July 16, 2018

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Sued firm wins another job

City awards $16-M contract, despite claiming shoddy work

Hey there, time traveller!
This article was published 29/1/2016 (898 days ago), so information in it may no longer be current.

An engineering consulting firm sued twice by city hall in the past two years for its allegedly shoddy design work and project mismanagement at sewage- and water-treatment plants has been awarded a multimillion-dollar contract to oversee upgrades to yet another city sewage-treatment plant.

AECOM was recently awarded a $16-million contract to act as the city’s advocate for the design-build stage of the $570-million upgrade to the North End sewage-treatment plant and to assume the role of consultant for the design-bid-build stage of the project.

The city had issued a request for proposals for the North End facility in April, and records show the city was reviewing AECOM’s eligibility for the project in late November while the legal department was preparing a lawsuit against the firm at the same time.

The city filed legal action against AECOM on Dec. 7 over serious design and structural problems that have developed at the Deacon water-treatment plant. The company was awarded this contract a month later, on Jan. 6.

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Hey there, time traveller!
This article was published 29/1/2016 (898 days ago), so information in it may no longer be current.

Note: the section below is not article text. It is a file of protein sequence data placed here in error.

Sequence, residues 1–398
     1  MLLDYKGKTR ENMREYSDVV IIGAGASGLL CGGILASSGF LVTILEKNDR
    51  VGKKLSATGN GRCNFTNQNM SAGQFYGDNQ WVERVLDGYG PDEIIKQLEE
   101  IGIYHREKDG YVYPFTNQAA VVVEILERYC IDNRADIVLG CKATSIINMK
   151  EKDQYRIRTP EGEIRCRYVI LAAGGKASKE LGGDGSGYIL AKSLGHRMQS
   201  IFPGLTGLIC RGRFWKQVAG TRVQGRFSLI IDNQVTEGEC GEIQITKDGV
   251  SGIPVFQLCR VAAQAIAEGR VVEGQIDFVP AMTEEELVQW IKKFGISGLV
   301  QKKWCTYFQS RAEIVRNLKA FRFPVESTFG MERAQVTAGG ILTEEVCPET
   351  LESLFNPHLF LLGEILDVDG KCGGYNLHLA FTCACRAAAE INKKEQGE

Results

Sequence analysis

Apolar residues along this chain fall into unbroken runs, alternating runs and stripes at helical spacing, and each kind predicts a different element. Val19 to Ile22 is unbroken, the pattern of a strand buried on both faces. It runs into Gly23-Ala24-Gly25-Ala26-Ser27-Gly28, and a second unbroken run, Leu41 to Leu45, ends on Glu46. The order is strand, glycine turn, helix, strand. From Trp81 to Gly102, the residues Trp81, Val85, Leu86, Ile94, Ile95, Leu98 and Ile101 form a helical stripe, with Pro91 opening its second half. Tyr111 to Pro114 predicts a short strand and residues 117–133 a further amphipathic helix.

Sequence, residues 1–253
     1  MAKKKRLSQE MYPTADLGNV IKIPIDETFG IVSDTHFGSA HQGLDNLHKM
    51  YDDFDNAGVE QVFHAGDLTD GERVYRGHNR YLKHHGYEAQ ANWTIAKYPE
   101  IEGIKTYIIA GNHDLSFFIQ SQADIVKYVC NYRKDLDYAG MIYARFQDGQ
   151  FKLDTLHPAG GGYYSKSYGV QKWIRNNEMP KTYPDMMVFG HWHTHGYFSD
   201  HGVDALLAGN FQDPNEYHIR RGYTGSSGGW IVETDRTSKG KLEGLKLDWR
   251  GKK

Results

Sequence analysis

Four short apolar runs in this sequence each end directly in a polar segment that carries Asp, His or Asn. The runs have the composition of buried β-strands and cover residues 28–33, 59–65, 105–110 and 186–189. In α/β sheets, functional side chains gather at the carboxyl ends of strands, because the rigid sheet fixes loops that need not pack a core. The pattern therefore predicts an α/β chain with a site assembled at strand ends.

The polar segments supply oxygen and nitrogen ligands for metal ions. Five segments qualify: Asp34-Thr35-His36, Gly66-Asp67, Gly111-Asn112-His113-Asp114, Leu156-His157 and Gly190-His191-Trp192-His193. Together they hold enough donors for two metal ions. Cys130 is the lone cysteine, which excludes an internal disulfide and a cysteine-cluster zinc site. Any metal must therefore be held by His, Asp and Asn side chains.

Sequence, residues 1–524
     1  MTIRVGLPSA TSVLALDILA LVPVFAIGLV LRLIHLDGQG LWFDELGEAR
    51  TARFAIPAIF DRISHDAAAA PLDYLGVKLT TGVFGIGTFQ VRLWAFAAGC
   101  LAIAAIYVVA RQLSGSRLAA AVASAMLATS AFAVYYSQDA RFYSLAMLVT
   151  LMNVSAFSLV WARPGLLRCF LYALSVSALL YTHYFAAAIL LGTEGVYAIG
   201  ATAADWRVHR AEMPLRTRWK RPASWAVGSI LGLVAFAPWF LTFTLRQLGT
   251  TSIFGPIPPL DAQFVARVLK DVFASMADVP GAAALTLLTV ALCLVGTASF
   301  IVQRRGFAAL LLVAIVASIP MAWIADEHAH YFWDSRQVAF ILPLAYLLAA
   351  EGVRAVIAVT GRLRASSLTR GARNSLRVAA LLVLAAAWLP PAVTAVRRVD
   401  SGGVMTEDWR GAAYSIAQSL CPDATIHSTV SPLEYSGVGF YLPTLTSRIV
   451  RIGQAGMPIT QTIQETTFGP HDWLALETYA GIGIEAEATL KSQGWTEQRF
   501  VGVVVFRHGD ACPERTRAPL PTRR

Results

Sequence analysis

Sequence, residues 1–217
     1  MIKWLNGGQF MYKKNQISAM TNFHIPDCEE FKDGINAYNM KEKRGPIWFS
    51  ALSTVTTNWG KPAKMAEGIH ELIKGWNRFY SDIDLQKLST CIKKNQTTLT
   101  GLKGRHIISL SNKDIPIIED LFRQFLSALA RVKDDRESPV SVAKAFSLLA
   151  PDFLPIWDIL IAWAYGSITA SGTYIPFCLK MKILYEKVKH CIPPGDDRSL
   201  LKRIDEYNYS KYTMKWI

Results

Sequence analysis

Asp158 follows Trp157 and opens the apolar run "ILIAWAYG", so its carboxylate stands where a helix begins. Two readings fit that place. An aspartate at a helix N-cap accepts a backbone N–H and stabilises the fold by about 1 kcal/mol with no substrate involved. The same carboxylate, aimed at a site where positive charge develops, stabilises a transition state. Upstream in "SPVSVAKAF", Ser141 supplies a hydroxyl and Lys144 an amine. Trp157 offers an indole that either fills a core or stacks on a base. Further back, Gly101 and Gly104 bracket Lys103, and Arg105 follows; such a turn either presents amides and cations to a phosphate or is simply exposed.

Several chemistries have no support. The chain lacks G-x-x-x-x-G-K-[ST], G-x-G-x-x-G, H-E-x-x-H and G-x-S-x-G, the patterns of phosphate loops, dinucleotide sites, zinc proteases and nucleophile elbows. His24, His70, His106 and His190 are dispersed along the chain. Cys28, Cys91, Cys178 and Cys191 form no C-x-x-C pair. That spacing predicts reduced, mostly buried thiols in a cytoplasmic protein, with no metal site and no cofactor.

An engineering consulting firm sued twice by city hall in the past two years for its allegedly shoddy design work and project mismanagement at sewage- and water-treatment plants has been awarded a multimillion-dollar contract to oversee upgrades to yet another city sewage-treatment plant.

AECOM was recently awarded a $16-million contract to act as the city’s advocate for the design-build stage of the $570-million upgrade to the North End sewage-treatment plant and to assume the role of consultant for the design-bid-build stage of the project.

The city had issued a request for proposals for the North End facility in April, and records show the city was reviewing AECOM’s eligibility for the project in late November while the legal department was preparing a lawsuit against the firm at the same time.

The city filed legal action against AECOM on Dec. 7 over serious design and structural problems that have developed at the Deacon water-treatment plant. The company was awarded this contract a month later, on Jan. 6.

AECOM was also named by the city in a 2013 suit after significant structural problems emerged following a $47-million upgrade to the West End sewage-treatment plant. That suit against AECOM, and several other firms, was dismissed in November.

An urban politics consultant said the city’s decision to hire AECOM now is "absurd."